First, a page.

• Corporate Governance
• Corporate Governance Norms
• Corporate Governance In India
• Securities Exchange Board Of India
• SEBI Clause For Corporate Governance In India
The last few years have seen some major scams and corporate
collapse across the globe.
In India, the major example is Satyam which is one of the largest IT
companies in India.
All these events have caused the pendulum of public faith to shift
away from free market to a more closely regulated one.
However "corporate governance,“ in spite of being the new object of
interest and inquisitiveness from various quarters, remains an
ambiguous and often misunderstood phrase.
So before delving further on the subject it is important to define the
concept ofcorporate governanceIntroduction
Corporate governance …
And economic development are intrinsically linked.
Effective corporate governance systems promote the development of
strong financial systems-irrespective of whether they are largely
bank-based or market-based –which,
in turn, have an unmistakably positive effect on economic growth
and poverty reduction.
Corporate governance is….
•A means whereby society can be sure that large corporations are
well-run institutions to which investors and lenders can confidently
commit their funds.
•Is a term that refers broadly to the rules, processes, or laws by which
businesses are operated, regulated, and controlled. The term can refer
to internal factors defined by the officers, stockholders or constitution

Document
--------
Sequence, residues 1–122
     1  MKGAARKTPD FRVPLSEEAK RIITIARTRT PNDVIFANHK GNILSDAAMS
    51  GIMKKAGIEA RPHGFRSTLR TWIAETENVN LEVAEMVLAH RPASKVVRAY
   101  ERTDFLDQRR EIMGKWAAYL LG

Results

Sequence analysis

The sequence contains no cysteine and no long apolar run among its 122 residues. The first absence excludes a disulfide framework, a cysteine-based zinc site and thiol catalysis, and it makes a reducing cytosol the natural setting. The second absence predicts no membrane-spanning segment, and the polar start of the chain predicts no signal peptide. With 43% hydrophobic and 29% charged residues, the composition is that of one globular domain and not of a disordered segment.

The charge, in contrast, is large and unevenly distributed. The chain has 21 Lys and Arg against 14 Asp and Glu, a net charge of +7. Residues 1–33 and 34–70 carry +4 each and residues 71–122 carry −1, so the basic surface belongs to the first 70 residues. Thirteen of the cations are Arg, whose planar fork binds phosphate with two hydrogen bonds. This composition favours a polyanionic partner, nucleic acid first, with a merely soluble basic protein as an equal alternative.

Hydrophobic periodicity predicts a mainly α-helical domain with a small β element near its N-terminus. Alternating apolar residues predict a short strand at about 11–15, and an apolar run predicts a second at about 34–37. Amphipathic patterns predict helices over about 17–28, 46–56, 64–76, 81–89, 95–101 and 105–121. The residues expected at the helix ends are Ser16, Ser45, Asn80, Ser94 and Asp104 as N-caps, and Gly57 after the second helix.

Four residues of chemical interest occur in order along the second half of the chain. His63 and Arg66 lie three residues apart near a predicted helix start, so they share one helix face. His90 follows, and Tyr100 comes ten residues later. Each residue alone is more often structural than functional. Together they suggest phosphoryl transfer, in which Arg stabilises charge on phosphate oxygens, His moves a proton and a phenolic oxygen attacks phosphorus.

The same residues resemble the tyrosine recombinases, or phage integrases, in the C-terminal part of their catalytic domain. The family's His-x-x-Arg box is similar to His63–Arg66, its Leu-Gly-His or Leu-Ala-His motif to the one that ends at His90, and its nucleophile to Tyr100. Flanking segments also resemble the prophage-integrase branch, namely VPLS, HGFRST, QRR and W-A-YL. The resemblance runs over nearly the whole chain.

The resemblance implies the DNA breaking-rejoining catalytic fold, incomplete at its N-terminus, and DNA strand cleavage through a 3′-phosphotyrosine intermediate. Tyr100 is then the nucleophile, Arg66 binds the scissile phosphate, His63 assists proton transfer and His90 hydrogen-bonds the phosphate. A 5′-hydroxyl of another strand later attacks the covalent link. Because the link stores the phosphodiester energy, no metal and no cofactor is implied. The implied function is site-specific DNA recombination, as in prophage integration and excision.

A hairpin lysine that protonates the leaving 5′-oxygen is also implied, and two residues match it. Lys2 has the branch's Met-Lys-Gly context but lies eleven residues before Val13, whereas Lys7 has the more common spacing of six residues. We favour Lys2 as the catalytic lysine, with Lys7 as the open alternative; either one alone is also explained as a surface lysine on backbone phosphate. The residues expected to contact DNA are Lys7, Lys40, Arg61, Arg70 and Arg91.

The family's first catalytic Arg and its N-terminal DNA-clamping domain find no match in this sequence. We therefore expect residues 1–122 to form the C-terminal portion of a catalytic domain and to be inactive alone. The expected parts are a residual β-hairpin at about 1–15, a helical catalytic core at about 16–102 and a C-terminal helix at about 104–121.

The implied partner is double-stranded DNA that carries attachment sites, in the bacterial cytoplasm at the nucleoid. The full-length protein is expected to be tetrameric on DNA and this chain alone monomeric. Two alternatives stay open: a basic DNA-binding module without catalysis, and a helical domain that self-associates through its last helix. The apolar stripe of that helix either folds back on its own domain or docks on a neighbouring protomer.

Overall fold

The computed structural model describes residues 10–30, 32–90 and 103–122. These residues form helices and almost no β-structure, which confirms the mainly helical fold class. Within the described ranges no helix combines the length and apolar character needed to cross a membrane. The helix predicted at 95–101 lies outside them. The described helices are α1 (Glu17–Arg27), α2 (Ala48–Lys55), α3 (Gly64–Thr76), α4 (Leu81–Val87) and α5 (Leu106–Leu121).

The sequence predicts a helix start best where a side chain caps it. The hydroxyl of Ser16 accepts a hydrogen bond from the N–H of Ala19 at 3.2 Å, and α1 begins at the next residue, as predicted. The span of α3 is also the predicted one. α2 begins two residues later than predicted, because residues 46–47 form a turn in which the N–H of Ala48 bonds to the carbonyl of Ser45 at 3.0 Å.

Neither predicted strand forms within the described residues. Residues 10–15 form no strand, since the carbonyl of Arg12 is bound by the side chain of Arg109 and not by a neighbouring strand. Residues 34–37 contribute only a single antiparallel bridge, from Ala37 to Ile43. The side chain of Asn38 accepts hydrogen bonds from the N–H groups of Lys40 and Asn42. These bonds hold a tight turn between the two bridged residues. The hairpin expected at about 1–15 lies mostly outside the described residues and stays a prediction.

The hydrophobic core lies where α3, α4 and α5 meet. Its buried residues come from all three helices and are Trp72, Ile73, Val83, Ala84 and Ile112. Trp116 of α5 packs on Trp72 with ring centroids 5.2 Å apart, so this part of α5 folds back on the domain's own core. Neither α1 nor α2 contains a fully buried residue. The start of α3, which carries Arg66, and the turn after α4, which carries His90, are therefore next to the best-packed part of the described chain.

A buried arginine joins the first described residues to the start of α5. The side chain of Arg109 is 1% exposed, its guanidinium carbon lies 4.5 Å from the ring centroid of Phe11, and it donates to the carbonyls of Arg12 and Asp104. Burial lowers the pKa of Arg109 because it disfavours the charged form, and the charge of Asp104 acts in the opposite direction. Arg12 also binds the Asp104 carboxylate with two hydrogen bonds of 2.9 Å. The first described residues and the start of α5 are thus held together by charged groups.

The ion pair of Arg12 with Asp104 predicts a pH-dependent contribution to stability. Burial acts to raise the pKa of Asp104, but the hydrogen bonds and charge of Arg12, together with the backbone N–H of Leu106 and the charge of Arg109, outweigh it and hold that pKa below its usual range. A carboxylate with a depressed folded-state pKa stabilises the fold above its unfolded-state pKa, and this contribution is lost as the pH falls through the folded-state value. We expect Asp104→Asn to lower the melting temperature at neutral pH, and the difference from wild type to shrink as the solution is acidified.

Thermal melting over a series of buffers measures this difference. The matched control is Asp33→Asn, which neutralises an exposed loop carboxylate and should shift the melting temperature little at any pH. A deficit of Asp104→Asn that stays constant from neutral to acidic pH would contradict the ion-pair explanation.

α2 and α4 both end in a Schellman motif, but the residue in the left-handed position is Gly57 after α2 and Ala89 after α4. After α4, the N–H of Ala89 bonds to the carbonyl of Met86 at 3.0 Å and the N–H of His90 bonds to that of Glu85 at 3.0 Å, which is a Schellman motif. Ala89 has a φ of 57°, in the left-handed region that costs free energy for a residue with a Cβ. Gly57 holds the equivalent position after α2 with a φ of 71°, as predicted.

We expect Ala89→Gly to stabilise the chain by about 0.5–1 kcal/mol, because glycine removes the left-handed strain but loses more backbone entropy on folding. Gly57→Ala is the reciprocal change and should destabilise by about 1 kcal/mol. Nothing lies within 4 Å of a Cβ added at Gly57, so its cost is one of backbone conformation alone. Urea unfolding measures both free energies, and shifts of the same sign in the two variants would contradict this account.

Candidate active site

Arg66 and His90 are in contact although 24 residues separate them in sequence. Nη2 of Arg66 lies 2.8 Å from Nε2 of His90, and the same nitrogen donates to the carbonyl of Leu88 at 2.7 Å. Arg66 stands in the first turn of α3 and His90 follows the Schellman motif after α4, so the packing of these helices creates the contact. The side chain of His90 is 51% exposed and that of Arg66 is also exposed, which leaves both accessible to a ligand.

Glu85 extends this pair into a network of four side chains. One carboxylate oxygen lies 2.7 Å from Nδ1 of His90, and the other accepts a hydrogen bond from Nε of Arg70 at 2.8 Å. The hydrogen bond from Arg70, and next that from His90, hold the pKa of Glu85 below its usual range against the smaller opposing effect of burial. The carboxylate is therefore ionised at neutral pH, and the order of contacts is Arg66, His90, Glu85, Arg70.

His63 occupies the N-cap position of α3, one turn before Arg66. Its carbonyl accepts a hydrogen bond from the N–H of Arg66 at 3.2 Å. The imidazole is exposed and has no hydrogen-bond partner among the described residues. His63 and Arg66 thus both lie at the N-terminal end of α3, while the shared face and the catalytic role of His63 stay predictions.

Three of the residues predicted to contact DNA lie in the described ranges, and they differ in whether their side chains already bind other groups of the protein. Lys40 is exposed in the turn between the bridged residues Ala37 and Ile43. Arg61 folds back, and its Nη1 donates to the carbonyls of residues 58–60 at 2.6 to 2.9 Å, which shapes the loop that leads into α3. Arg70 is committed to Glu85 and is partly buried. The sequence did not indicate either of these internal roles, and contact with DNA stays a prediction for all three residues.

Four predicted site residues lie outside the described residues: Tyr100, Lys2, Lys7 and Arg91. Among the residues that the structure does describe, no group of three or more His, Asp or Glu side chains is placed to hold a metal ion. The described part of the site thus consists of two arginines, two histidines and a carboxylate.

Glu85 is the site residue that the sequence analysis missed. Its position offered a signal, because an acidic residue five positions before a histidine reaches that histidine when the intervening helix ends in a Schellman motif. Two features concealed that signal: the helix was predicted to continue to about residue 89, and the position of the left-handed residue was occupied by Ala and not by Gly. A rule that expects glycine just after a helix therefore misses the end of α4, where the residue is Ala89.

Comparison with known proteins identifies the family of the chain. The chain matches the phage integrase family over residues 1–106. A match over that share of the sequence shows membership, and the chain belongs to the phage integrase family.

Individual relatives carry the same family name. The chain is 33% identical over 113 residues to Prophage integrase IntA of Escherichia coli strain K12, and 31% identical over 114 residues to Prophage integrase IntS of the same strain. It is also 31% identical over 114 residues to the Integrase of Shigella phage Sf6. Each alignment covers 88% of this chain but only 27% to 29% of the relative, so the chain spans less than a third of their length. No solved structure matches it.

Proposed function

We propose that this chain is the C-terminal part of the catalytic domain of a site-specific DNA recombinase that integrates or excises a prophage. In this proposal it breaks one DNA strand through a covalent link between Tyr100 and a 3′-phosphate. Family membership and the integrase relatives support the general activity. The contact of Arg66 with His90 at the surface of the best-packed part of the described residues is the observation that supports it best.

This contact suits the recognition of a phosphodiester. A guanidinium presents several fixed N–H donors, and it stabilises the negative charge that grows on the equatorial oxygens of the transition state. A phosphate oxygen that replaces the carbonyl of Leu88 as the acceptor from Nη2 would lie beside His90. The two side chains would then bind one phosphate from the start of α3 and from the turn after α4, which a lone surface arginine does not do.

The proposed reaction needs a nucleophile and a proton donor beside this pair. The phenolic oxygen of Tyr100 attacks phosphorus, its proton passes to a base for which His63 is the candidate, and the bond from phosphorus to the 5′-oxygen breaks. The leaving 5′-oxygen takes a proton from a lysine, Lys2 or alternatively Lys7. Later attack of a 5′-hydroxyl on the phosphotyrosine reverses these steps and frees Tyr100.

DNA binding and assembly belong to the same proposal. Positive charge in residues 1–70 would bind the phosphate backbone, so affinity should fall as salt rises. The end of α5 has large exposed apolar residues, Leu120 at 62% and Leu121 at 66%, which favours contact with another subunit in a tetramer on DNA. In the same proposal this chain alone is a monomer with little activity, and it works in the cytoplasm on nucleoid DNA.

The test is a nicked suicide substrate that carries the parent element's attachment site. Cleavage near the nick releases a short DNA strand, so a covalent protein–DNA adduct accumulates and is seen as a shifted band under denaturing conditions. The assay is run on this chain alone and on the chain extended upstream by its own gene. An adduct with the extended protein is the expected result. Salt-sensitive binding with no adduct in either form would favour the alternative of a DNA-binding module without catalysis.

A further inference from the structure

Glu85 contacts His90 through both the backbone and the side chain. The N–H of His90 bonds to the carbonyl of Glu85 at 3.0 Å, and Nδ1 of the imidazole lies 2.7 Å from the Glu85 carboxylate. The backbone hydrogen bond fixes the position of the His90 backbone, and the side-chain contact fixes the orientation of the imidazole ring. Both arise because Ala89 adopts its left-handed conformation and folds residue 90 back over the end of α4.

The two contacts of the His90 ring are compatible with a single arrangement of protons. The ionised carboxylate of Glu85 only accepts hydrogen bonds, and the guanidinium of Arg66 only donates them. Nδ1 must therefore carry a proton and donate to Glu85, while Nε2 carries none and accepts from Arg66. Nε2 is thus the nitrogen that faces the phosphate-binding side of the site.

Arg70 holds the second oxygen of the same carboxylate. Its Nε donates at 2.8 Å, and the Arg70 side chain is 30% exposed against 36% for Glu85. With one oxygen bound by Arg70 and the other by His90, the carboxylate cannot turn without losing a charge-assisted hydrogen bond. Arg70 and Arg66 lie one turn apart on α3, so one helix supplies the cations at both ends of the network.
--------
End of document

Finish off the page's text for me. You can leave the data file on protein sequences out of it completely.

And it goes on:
of a corporation, as well as to external forces such as customergroups,
clients and government regulations.
•(Creates)..safeguards against corruption and mismanagement, while
promoting fundamental values of a market economy in democratic
•(Considering the ethical failures in the last several years and the
resulting crisis in confidence)..A sincere commitment to creating and
sustaining an ethical business culture in public and private
sectors..(has never been so important).
Corporate governance norms
Corporate governance are the policies, procedures and rules
governing the relationships between the shareholders, (stakeholders),
directors and managers in a company, as defined by the applicable
laws, the corporate charter, the company’s bylaws, and formal policies.
Primarily it is about managing top management, building in checks
and balances to ensure that the senior executives pursue strategies that
are in accordance with the corporate mission. Itconsists of a set of
processes, customs, policies, laws and institutions affecting the way of a
corporation is directed, administered or controlled. Corporate
governance governs the relationship among the many players involved
(the stakeholders) and the goals for which the corporation is governed.
Corporate governance in India
•The Indian corporate scenario was more or less stagnant till the early
•The position and goals of of the Indian corporate sector has changed a
lot after the liberalisation of 90s.
•India’s economic reform programmemade a steady progress in 1994.
•India with its 20 million shareholders, is one of the largest emerging
markets in terms of the market capitalisation.
Corporate governance of India has undergone a paradigm shift
•In 1996, Confederation of Indian Industry (CII), took a special initiative
on Corporate Governance.
•The objective was to develop and promote a code for corporate
governance to be adopted and followed by Indian companies, be these in
the Private Sector, the Public Sector, Banks or Financial Institutions, all
of which are corporate entities.
•This initiative by CII flowed from public concerns regarding the
protection of investor interest, especially the small investor, the
promotion of transparency within business and industry
Securities and Exchange Board of India
The Government of India's securities watchdog, the Securities Board of
India, announced strict corporate governance norms for publicly listed